Post-Harvest Handling of African Indigenous Vegetables.

African Indigenous vegetables (AIVs) farming has been practiced for ages by our forefathers who passed the knowledge to younger generations. The principles of AIVs farming have remained relatively the same. However, in contemporary years, advancement in technology has resulted in the production of pest-resistant, high-yielding varieties that meet the dynamic tastes and preferences of consumers.

For years, AIVs farming was mostly done by women on small land plots, for household subsistence. However, more recently, consumers in urban areas have come to appreciate the nutritional value of AIVs, which has led to an increase in their production, with men also participating in this enterprise (Bokelmann et al., 2022). Kenya’s most commonly grown AIVs are African nightshade (Managu), cowpea (Kunde), spider plant (Saget), vegetable amaranth (Terere), jute mallow (Mrenda), and Ethiopian Kale (Kanzera) (Kebede and Bokelmann, 2017; Riziki, 2018). AIVs production is predominantly practiced in Western Kenya, particularly in Kakamega and Kisii counties. Other regions include Nakuru, Kiambu, and Kajiado counties (Kebede and Bokelmann, 2017).

The seasonality and perishability of AIVs have led to increased losses and wastage of harvested AIVs up to 50% (Henze et al., 2020). Most farmers trade fresh AIVs with limited knowledge of post-harvest handling practices. The forces of demand and supply in the market determine the prices of AIVs. Prices decline during the rainy season when the vegetables are in abundant supply and increase during the off-season when it’s dry weather. This affects the incomes of farmers, especially during the dry spells. Knowledge of post-harvest practices is vital to prolong the shelf-life of vegetables, increasing farmers’ incomes in the long run.

There are three main preservation methods for AIVs: Charcoal coolers, drying, and fermentation. The type of method to use depends on how long the vegetables need to be preserved. Since most farmers in rural areas do not have electricity, and if available it’s highly unreliable, owning a refrigerator for cold storage has not been an option for them.  The preferred alternative is a charcoal cooler. This method can preserve fresh vegetables for a maximum of 5 days. The coolers are designed to lower the air temperature and increase the moisture in the cooler, thus maintaining cool temperatures conducive to vegetable preservation. The coolers come in different sizes and are customizable to farmers’ needs.

Drying is an ancient method that has been used for generations. The process of drying removes moisture from the vegetables while preserving the nutrient content. High amounts of moisture contribute to spoilage and decay. Traditionally, AIVs have always been dried directly in the sun, however, this led to the loss of nutrients in the process. A solar dryer is the best drying method. Smallholder farmers can construct a simple dryer made of poles, mesh, and polythene papers which will still do the job. Once harvested, vegetables are washed thoroughly to remove dirt, chopped into sizes suitable for cooking, and spread on the mesh inside the solar dryer. After three days, the vegetables will have completely dried (brittle and crushed easily). They are packed in sealed clean paper bags and can be stored for a year. During the dry season, farmers soak the dried vegetables in water for a couple of hours and cook. The drying method is also a form of value addition where smallholder farmers can later sell at higher prices to consumers when vegetables are scarce in the market and, earn an income.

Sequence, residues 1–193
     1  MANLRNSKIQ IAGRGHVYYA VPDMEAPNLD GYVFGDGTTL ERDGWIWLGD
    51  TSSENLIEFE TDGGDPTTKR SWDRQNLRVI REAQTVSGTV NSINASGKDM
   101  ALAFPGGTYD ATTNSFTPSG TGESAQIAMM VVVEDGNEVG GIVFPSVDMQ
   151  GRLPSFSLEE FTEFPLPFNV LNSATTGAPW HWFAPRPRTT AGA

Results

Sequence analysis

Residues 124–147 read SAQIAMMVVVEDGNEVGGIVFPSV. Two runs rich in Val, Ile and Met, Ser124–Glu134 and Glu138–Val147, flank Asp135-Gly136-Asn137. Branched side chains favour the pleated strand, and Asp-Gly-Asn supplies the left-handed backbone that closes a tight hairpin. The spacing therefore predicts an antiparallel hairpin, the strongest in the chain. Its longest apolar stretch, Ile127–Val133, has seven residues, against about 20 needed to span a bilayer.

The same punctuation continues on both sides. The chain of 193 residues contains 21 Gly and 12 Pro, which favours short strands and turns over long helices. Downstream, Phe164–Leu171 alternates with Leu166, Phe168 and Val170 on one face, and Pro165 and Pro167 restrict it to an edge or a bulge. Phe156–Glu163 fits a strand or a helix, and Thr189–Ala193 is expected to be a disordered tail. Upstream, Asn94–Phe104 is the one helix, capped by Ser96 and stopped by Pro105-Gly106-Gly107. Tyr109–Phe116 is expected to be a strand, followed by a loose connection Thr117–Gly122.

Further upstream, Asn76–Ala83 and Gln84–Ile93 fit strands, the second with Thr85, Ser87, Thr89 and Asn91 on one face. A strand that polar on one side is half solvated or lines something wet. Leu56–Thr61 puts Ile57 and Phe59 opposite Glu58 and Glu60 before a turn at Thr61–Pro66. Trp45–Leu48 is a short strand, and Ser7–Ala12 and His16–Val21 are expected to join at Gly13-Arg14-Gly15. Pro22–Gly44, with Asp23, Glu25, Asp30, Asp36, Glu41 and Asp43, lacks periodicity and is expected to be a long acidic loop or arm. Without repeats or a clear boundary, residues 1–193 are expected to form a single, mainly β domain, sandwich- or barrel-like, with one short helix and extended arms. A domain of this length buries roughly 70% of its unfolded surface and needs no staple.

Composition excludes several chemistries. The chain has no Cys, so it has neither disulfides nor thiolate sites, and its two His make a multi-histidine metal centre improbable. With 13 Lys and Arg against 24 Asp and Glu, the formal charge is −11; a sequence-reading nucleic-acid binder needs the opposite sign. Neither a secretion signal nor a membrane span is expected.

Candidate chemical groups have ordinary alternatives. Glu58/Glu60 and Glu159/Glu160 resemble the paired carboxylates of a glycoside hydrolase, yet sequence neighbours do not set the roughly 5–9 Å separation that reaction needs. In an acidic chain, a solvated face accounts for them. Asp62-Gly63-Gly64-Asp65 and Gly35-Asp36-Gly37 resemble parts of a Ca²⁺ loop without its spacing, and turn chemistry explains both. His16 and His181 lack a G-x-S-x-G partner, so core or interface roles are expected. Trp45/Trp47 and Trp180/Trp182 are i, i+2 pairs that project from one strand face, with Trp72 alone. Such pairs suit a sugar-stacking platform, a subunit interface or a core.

Lastly, fermentation is a simple process where fresh vegetables in a brine solution are put in an airtight container and fermented for five days. The lactic acid-producing bacteria in this method prevent the growth of harmful food pathogens. After fermentation, the vegetables can be stored for up to a year without loss of nutrient content. Farmers can create a niche market for consumers who prefer fermented vegetables, increasing their incomes.

There is a need to build the capacity of farmers on post-harvest preservation methods of African Indigenous Vegetables to equip them with the necessary skills that will ensure they are food secure, especially during the drought seasons. Furthermore, the value addition of vegetables through drying allows the farmers to charge a premium price, creating an avenue for increasing their household incomes. With these AIVs post-harvest handling methods, smallholder farmers will not only be food and nutrition-secure but earn a decent income.


Bokelmann, W., Huyskens-Keil, S., Ferenczi, Z. and Stöber, S. (2022). The role of indigenous vegetables to improve food and nutrition security: Experiences from the project HORTINLEA in Kenya (2014–2018). Frontiers in Sustainable Food Systems 6: 1–19. https://doi.org/10.3389/fsufs.2022.806420

Henze, J., Abukutsa-Onyango, M. and Opiyo, A. (2020). Production and Marketing of African Indigenous Leafy Vegetables. Training Manual for Extension Officers and Practitioners (C, Aspinall, Ed.). Humboldt-Universität zu Berlin, Seminar für Ländliche Entwicklung (SLE). 


Kebede, SW and Bokelmann, W. (2017). African indigenous vegetables and their production practices: Evidence from the HORTINLEA survey in Kenya. Agrotechnology 6(170):2. https://www.walshmedicalmedia.com/open-access/african-indigenous-vegetables-and-their-production-practices-evidence-from-the-hortinlea-survey-in-kenya-2168-9881-1000170.pdf

Riziki M. J. (2018). Price transmission and integration of African indigenous vegetables markets: The case of Narok and Kajiado counties, Kenya. Doctoral dissertation. https://ttu-ir.tdl.org/bitstreams/db81ef9f-c4b6-48a9-8b7b-6c1ac40d275b/download